I returned to work and was hired as a clinical oncology nurse for Riverside Community Hospital’s oncology program where I was instrumental in program development and quality improvement initiatives for the cancer program. I helped design and implement an inpatient Palliative Care Program. It was at this facility that I was first exposed to patient navigation. Our program developed a business plan to implement a comprehensive breast program with oncology nurse navigation.
As Coordinator of Oncology Services at St. Jude Medical Center (SJMC), I was instrumental in the development of SJMC’s successful Nurse Navigator Program. I directed the hospital’s Breast Work Group, evaluating clinical outcomes and directing improvements in program content and quality. I oversaw St. Jude Breast Center’s efforts to become one of the first in California to earn recognition from the American College of Surgeons National Accreditation Program for Breast Centers (NAPBC). I implemented a variety of effective community outreach events, reaching hundreds of women, and created a peer-to-peer cancer support program that has significantly increased emotional support for women living with cancer. Whereas the concept of survivorship became integral to my practice as a nurse navigator, I was empowered to realize my dream of offering a women’s retreat where women who were being treated for breast cancer at SJMC were invited to a single- day event where they would have an opportunity to hear inspirational speakers and peer testimonials and participate in reflective and health-related activities. This event has become recognized as one of St. Jude’s cancer program best practices. At SJMC, I helped create a coalition of Oncology Nurse Navigators within Southern California to facilitate collaboration and knowledge-sharing.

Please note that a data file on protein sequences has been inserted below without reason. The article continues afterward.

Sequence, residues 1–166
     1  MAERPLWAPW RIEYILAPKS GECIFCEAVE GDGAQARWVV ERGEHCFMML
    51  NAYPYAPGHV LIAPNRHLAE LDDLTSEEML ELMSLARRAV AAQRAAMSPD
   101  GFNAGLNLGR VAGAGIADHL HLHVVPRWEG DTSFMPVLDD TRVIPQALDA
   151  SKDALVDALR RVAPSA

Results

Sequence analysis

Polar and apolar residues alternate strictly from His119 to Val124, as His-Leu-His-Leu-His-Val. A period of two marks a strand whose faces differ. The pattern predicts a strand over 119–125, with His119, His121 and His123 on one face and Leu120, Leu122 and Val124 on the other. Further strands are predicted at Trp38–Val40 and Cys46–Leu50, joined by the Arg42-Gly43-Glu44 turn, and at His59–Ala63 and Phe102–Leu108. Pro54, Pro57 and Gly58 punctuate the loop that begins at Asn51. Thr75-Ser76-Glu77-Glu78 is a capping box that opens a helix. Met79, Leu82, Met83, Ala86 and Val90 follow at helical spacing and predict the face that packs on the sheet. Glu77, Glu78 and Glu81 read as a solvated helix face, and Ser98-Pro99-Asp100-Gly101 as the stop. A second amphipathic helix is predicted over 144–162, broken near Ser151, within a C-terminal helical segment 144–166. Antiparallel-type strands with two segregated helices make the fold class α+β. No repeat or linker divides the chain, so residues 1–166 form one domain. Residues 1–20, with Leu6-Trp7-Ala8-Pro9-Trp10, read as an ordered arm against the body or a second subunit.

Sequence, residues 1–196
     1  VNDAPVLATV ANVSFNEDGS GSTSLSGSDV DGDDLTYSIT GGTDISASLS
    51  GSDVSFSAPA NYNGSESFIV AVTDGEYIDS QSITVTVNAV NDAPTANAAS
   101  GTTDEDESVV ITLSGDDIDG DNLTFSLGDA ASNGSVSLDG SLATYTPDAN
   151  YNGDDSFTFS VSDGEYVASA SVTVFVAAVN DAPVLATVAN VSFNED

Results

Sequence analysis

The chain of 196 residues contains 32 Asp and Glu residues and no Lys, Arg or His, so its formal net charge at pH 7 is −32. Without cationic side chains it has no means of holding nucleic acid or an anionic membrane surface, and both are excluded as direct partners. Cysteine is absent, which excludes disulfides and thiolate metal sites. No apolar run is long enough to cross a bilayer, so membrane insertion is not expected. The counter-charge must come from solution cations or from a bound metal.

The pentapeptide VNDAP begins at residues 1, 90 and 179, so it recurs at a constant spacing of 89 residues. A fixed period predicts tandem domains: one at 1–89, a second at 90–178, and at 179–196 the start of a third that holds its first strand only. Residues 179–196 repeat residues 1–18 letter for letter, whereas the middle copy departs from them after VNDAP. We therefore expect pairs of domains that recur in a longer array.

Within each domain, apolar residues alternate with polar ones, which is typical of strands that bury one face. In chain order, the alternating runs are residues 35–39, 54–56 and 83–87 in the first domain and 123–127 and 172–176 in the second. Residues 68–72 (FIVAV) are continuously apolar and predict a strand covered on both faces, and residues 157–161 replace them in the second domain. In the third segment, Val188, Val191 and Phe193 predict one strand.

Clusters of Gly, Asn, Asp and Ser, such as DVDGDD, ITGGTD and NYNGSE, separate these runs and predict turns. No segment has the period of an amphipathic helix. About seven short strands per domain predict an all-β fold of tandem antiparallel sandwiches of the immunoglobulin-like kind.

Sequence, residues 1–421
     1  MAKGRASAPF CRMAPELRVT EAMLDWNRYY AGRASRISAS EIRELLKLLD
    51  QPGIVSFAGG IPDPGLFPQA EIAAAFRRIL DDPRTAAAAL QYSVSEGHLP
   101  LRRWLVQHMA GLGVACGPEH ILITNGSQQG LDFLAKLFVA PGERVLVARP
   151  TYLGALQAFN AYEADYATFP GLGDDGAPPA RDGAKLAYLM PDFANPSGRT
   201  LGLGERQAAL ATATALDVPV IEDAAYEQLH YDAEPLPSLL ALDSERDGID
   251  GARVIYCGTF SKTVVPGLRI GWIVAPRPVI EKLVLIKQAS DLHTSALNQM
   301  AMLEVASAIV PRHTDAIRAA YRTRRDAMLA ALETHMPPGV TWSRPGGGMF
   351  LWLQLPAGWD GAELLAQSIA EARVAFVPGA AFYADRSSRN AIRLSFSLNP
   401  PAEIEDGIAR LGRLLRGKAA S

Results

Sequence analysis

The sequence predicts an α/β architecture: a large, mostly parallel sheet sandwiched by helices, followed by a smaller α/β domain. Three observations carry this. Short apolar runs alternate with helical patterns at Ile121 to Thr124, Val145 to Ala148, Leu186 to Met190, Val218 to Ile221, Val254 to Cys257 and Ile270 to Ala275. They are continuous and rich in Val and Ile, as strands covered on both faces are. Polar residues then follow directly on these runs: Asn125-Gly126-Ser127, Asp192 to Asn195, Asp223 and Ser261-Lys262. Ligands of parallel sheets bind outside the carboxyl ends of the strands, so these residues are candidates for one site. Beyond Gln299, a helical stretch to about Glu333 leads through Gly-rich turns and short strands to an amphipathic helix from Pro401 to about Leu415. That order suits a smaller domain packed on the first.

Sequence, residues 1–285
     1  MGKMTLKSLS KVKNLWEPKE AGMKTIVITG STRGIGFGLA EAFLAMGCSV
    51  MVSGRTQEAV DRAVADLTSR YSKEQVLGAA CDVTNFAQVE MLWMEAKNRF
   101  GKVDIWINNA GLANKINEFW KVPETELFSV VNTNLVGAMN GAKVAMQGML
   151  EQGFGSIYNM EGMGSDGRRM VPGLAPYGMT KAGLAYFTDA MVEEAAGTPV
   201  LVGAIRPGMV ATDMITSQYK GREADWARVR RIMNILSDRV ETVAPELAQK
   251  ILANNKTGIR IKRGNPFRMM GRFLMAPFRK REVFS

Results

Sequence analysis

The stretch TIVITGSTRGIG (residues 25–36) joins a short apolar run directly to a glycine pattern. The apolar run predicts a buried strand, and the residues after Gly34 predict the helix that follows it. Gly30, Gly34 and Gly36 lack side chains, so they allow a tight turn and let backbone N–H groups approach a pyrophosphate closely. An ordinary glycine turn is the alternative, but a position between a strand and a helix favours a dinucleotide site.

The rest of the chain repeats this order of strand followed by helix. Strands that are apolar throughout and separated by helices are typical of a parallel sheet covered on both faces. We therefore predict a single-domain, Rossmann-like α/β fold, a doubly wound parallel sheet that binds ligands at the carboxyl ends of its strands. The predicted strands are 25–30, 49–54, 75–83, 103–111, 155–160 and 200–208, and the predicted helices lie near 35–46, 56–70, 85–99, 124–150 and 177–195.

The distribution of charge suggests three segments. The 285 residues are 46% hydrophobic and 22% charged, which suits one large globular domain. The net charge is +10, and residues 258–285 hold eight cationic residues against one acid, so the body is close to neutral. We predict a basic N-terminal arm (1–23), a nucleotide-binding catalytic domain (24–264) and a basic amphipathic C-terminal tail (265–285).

During my time at SJMC, I participated in a number of clinical research studies:
- Primary Investigator: Breast Health Education and Cancer Awareness—October 2011
- Co-Investigator: Review Outcomes During 2006-2011 of Accelerated Partial Breast Irradiation for Early Stage Breast Cancer Patients Treated at SJMC —Fall 2012
- Co-Investigator: Interdisciplinary Team Education to Improve the Care of the Cancer Survivor—September 2012-September 2013